In consideration of tomorrow's long-awaited theatrical opening of Geoffrey Fletcher's teen assassin thriller, Violet & Daisy (also his feature film directorial debut), for the fun of it, with your assistance, I thought I'd come up with a list of previous assassin movies starring black actors (even though Violet & Daisy doesn't star black actors). Needless to say, pickings are slim with this criteria, which speaks to the already-addressed overall lack of variety in the kinds of roles and projects that black actors are considered for (especially within the studio system). But here's what I could come up with: 1 - Forest Whitaker in Jim Jarmusch's Ghost Dog: The Way of the »
- Tambay A. Obenson
Jim Jarmusch treats genres the same way children treat their Christmas toys—as endlessly fun things to batter around, and if they break in the process, well, at least you can’t say they weren’t enjoyed thoroughly. His version of a Western was the poetic, deadpan Dead Man. His idea of an espionage thriller was the off-kilter aloofness of The Limits of Control. His samurai movie was Ghost Dog. So it should be no surprise that his take on the vampire film would be uniquely his own. Thankfully, Only Lovers Left Alive is the farthest thing from a commentary on Twilight. It’s »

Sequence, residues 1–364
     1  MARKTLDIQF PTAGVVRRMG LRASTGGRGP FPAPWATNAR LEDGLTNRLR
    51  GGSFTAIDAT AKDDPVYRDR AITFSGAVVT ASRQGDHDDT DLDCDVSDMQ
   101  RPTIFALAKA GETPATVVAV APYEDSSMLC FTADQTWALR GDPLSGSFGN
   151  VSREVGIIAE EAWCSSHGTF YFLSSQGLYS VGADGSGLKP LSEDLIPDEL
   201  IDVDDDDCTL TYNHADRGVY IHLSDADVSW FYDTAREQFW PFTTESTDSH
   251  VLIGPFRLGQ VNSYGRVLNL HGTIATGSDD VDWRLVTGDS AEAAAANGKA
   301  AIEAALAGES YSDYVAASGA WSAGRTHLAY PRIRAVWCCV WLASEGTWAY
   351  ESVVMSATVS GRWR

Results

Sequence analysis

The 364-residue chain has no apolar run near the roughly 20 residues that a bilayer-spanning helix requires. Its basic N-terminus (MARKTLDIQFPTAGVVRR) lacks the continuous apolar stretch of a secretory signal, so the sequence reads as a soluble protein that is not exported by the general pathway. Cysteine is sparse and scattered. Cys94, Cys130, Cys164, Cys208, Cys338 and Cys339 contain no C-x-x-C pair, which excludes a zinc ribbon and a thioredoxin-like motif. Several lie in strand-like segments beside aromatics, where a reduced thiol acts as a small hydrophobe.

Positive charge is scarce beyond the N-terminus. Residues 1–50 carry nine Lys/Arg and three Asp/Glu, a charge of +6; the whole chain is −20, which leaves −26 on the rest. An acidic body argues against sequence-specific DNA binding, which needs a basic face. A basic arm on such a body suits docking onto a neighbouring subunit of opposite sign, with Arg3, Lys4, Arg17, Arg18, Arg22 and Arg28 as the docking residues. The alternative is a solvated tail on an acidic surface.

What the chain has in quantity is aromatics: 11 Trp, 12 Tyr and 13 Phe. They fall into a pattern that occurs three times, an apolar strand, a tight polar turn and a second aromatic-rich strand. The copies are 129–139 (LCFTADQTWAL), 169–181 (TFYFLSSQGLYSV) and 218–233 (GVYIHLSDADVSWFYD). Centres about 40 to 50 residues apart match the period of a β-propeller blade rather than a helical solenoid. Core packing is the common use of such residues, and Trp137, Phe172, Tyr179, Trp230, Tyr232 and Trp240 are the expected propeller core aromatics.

★★★★☆ Director Jim Jarmusch has managed an almost impossible feat with new film Only Lovers Left Alive (2013), in competition at this year's Cannes Film Festival - he's made vampires interesting again. British actors Tom Hiddleston and Tilda Swinton play Adam and Eve, a pair of night-dwelling bloodsuckers. Eve is based in Tangiers where she hangs out with Christopher Marlowe (John Hurt), who himself acquires blood from a French doctor and complains of his former literary glory: "I wished I'd met him before I wrote Hamlet." Adam, meanwhile, is roosting in Detroit where he collects vintage guitars, composes funereal music and shuns the world.